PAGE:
Like most communities, Huntsville has many streets that were designed solely for automobiles. So, with the help of a Smart Growth America grant the Huntsville Planning Commission recently adopted the Complete Streets policy to makes its streets usable for all modes of transportation.
Complete Streets is designed to balance safety and convenience for everyone using the road – providing access for all users including pedestrians, bicyclists, motorists and public transit riders. Making it easier to cross the street, walk to stores and bicycle to work. And allow buses to run on time and make it safe for people to walk to and from train stations.
Adopting Complete Streets means transportation agencies must change their approach to community roads. There is no singular design prescription and each community tailors it to its particular needs. Complete Street improvements may include: sidewalks, bike lanes (or wide paved shoulders), bus lanes, public transportation stops, frequent and safe crossing opportunities, median islands, pedestrian signals, curb extensions, narrower travel lanes and roundabouts.
Huntsville’s first Complete Streets project was Spragins Street in the downtown area that links Big Spring Park and the Huntsville Depot and Museum, Alabama’s oldest surviving railroad depot. Improvements to Spragins Street included adding a protected bicycle track to make the street more bicycle friendly.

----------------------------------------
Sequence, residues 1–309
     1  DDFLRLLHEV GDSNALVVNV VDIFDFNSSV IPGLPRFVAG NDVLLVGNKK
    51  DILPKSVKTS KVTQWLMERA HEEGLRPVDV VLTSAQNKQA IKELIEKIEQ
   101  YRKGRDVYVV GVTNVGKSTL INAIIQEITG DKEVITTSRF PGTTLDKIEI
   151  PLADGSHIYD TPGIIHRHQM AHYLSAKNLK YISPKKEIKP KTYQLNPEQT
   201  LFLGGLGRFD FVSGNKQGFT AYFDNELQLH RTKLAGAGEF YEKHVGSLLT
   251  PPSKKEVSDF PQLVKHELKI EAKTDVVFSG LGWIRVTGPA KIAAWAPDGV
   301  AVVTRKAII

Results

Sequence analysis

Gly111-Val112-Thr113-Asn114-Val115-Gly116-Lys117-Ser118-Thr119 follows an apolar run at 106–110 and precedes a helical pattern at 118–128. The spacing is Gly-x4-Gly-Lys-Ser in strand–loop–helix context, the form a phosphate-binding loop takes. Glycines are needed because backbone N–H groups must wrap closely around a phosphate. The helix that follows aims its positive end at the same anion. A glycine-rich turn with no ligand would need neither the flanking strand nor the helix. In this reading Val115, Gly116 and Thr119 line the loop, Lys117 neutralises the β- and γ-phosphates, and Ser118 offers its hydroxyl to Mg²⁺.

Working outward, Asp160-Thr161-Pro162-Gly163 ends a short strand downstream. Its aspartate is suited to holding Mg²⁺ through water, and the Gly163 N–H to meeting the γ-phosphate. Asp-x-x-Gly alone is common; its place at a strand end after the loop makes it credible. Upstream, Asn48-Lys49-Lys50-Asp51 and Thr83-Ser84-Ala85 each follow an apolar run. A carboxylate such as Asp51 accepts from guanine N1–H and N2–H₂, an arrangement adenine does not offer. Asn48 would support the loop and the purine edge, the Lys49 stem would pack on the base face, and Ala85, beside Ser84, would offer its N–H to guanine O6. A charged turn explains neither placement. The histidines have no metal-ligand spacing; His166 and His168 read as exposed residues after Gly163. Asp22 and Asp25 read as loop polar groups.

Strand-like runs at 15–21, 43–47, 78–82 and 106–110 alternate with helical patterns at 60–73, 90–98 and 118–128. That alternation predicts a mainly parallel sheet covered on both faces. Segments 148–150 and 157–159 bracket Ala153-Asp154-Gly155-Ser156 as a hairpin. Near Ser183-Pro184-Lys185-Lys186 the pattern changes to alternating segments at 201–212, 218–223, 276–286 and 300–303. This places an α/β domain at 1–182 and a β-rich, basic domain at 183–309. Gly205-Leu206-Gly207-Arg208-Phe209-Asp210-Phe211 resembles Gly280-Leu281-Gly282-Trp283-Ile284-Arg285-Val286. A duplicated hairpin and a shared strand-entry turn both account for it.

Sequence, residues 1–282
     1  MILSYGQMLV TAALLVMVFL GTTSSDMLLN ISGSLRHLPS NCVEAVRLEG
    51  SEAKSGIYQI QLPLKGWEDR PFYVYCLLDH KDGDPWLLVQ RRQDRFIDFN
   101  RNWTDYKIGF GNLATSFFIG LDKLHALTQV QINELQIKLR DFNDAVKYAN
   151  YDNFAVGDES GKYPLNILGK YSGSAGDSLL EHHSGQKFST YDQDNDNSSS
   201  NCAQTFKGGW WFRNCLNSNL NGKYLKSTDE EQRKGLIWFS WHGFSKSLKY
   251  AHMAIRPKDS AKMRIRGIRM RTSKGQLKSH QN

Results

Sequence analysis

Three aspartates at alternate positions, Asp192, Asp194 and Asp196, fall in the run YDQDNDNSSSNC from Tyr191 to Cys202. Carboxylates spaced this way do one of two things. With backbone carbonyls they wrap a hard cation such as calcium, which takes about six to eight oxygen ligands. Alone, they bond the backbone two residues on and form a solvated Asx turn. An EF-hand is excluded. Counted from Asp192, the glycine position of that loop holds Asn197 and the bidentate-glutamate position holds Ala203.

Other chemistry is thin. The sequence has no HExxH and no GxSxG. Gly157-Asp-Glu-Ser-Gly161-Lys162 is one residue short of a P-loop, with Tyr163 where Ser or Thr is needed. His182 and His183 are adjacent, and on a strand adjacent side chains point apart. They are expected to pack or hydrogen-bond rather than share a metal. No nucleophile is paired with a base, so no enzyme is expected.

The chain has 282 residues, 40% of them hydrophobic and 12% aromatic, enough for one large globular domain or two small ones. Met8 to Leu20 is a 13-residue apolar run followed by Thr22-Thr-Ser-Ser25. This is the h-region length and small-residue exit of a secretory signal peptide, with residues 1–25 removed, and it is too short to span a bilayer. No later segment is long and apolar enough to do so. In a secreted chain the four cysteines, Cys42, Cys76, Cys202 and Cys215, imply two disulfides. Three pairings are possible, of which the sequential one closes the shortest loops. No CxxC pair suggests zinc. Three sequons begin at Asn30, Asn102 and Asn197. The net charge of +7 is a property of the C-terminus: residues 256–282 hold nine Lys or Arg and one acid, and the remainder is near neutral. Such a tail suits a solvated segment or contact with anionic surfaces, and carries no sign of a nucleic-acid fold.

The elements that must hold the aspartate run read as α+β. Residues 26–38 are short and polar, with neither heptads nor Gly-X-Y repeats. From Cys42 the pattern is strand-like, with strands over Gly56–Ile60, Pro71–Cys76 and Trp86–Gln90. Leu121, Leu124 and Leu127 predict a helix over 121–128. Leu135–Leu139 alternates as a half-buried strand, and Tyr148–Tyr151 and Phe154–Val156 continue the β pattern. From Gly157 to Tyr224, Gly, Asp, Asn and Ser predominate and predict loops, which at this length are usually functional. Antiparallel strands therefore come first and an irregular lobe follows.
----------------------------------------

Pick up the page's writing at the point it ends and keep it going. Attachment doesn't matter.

“Spragins is a B street, so it was ideal for the initial project to test Complete Streets,” explained Dennis Madsen, manager of urban and long-range planning for Huntsville. “It also links these two popular destinations, Big Spring Park and the Huntsville Depot.”
Madsen said a number of other roadways in Huntsville have been identified, not only in the city’s commercial core but the outlaying areas as well. The next project is Holmes Avenue, a larger thoroughfare that links downtown to Clearview Cancer Institute and other major destinations that Madsen said is fairly underutilized right now.
“Complete Streets is a process and a way to rethink how we design streets and look at their future use, making sure there are greenways and multi-use paths,” said Madsen. He points out that streets are expensive to build and maintain, so municipalities must maximize the use of their roads and use the money budgeted for roads wisely.
Image 1 (Spragin Street Before)- With the help of a Smart Growth America grant, Huntsville recently adopted the Complete Streets policy to makes its streets usable for all modes of transportation. Huntsville’s first Complete Streets project was Spragin Street in the downtown area.
Image 2 (Spragin Street After)- Two-way bicycle lanes were added to Spragin Street as part of the Complete Streets project. This was the pilot project. A number of Huntsville’s roadways in the downtown area and beyond are slated to be improved following the Complete Streets policy.
*Article Written By Jessica Armstrong and Images Courtesy of the City of Huntsville